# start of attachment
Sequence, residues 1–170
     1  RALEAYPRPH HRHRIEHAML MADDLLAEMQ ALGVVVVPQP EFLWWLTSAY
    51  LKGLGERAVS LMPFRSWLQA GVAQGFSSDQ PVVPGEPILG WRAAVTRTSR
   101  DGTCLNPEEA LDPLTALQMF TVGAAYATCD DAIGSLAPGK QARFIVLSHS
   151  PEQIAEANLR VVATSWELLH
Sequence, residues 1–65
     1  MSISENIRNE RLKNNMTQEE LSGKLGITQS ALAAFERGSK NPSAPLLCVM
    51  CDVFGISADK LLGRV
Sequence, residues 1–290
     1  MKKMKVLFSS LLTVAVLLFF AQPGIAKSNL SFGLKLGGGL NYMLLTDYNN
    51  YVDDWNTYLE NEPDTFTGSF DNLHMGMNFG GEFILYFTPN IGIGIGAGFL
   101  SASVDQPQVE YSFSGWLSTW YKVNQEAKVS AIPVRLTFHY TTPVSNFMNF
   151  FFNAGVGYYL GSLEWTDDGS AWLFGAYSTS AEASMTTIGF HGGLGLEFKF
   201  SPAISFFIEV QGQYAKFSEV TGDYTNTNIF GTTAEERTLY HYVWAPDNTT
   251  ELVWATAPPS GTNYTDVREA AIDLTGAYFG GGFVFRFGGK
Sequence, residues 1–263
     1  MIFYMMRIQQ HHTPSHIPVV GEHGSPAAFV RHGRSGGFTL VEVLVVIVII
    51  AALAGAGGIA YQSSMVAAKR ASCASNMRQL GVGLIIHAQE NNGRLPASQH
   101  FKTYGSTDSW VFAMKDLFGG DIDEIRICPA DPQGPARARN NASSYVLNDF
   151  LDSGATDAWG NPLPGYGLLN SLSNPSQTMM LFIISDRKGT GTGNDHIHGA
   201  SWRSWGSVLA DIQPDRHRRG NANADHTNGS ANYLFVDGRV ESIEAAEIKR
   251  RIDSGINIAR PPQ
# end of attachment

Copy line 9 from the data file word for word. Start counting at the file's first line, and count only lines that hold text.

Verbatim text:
Sequence, residues 1–290